Chile’s central bank kept its benchmark interest rate unchanged for a second month as faster-than-expected inflation and growth reduced the need for policy makers to stimulate the economy.
The policy board, led by bank President Rodrigo Vergara, held the overnight rate at 5 percent today, as forecast by all 17 economists surveyed by Bloomberg. The board cut borrowing costs in January and discussed doing the same last month before voting unanimously to keep rates unchanged, minutes of that meeting show.
The third-highest borrowing costs among major rate-setting central banks in Latin America haven’t prevented inflation from breaching Chile’s target range for the past three months. The surge in prices, plus a pick-up in economic growth since December, makes a second rate cut this year unlikely, said Alfredo Coutino, Latin America director at Moody’s Analytics.
“The Chilean economic reality is showing the rate cut in January was a mistake,” Coutino said by phone yesterday. “The central bank cannot ignore that the Chilean economy is in an overheating situation.”
The world’s leading copper producer grew 5.3 percent in December from the previous year, bringing growth for the full year to 6.3 percent -- the fastest pace since 1997. The economy expanded 5.5 percent in January, exceeding the estimate of all 12 analysts surveyed by Bloomberg.
“Economic activity and internal demand have evolved above what was projected,” policy makers said in a statement accompanying today’s decision. “Future changes in the monetary policy rate will depend on the implications of domestic and external macroeconomic conditions on the inflationary outlooks.”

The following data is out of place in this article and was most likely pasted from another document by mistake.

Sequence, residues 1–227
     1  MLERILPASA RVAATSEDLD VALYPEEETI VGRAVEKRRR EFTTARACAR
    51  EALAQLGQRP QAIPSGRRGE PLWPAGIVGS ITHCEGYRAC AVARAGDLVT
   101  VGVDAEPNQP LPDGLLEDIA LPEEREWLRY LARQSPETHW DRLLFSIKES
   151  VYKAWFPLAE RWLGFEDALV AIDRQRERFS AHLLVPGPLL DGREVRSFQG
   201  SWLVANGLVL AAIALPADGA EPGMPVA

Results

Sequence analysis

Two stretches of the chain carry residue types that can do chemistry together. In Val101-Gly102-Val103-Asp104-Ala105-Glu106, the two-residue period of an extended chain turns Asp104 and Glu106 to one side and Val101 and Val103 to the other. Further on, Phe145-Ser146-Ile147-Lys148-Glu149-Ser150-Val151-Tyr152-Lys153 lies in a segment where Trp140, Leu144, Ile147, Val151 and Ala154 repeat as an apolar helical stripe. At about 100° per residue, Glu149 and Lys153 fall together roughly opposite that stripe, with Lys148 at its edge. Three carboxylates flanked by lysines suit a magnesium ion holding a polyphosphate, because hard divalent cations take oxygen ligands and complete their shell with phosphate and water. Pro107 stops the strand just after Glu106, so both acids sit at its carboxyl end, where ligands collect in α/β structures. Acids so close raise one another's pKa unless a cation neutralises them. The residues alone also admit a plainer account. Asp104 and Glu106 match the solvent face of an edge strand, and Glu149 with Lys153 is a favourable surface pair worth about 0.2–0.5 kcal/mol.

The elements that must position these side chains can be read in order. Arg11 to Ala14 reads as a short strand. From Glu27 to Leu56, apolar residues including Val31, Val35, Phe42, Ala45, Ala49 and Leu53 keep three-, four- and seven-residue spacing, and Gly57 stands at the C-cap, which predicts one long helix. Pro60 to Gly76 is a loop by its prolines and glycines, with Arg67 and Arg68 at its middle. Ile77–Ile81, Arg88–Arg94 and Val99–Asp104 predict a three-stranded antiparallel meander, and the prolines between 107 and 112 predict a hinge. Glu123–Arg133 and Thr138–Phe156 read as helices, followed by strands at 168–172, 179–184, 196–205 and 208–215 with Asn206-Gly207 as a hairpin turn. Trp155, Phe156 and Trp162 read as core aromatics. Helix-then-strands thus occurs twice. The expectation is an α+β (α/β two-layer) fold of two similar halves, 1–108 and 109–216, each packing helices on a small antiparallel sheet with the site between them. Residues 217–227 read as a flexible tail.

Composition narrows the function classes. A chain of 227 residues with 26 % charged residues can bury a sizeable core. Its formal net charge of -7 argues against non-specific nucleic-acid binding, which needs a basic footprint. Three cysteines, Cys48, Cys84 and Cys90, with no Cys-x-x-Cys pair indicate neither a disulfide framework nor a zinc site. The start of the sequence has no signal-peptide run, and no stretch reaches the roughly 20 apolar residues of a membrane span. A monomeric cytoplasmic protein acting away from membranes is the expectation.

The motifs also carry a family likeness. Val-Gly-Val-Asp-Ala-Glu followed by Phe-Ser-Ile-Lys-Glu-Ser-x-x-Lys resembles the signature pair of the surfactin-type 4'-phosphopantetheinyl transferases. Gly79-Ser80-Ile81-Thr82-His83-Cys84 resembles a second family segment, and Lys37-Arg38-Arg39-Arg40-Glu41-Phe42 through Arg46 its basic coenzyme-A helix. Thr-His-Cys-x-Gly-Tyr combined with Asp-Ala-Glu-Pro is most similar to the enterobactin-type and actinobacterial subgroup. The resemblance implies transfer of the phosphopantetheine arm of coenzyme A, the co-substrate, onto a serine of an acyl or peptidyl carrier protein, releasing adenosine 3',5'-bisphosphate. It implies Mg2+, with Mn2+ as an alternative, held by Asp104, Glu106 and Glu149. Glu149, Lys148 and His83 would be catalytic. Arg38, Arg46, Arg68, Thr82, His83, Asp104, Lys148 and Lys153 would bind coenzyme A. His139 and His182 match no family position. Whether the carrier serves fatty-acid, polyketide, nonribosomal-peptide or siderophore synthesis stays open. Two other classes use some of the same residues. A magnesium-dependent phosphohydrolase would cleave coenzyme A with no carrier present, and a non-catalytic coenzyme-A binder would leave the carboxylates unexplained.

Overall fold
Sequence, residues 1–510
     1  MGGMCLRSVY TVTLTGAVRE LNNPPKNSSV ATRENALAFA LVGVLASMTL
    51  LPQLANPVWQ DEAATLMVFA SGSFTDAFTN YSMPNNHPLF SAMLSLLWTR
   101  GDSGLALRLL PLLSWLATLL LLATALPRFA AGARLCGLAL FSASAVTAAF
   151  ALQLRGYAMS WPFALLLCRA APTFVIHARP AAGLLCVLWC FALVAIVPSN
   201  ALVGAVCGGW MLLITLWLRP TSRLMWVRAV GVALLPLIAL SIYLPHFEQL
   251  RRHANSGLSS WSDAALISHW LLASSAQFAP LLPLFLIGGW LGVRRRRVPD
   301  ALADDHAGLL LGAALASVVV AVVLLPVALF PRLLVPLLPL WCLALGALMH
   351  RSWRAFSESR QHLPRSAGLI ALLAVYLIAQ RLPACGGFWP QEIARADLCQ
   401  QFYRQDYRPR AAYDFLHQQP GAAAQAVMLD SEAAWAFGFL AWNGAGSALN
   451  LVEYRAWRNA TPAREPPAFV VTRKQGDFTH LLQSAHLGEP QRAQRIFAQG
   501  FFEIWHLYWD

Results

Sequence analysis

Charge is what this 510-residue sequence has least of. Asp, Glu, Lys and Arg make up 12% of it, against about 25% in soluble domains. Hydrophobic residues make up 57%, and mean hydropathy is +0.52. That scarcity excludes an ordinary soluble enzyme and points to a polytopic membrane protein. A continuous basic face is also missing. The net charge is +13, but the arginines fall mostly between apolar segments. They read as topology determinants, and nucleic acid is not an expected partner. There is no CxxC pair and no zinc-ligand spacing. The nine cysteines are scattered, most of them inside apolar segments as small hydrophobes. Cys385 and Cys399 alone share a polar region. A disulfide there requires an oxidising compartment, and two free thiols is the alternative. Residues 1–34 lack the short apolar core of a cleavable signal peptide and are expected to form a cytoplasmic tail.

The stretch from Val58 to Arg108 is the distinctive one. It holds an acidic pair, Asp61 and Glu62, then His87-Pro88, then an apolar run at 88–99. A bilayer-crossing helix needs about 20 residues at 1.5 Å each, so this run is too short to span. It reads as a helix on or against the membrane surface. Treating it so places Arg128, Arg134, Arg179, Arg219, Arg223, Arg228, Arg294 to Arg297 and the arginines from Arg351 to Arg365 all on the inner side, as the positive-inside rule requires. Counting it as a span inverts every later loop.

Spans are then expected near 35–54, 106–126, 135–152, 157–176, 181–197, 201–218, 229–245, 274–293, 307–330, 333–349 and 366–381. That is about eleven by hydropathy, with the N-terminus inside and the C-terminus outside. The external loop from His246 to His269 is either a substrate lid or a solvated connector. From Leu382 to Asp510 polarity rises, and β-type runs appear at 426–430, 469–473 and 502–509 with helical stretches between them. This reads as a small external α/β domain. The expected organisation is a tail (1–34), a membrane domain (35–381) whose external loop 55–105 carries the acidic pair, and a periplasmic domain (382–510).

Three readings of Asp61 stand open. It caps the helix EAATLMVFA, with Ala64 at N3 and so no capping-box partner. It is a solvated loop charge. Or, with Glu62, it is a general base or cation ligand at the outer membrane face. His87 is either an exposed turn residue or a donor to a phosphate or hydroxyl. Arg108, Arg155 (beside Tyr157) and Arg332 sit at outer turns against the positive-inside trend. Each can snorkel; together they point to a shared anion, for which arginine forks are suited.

Economists surveyed this month by the central bank increased their 2012 economic expansion estimate to 4.4 percent from 4.1 percent in February and 4 percent in January.
“Clearly there has been a very, very significant change in people’s forecasts,” Alejandro Puente, an economist at Banco Bilbao Vizcaya Argentaria SA in Santiago, said yesterday by phone. “A lot of people changed their outlook not just for this month’s meeting, but for future ones as well.”
Traders and investors surveyed by the central bank on March 13 forecast rates will remain unchanged for six months, before rising to 5.25 percent by March 2013. They had forecast a rate cut by June in the Feb. 21 poll. A separate survey of economists this week forecast no change in rates in 2012.
One-year interest rate swaps, which reflect traders’ views of average borrowing costs, rose to 5.26 percent today from 4.68 percent on Feb. 14 when policy makers previously met.
The central bank conducted the surveys of traders, investors and analysts after data showed inflation reached a higher-than-forecast 4.4 percent in February, exceeding the upper limit of the bank’s 2 percent to 4 percent target range for the third straight month. Unemployment in January was a lower-than-forecast 6.6 percent and wages in the month surged 6.7 percent from the year earlier.
“We’re using all our strength and are doing all the work needed in coordination with the central bank to see how we can collaborate to contain price increases,” Finance Minister Felipe Larrain told reporters yesterday in Santiago. “This is an issue that will be discussed and undoubtedly among other issues will influence the decisions the central bank makes.”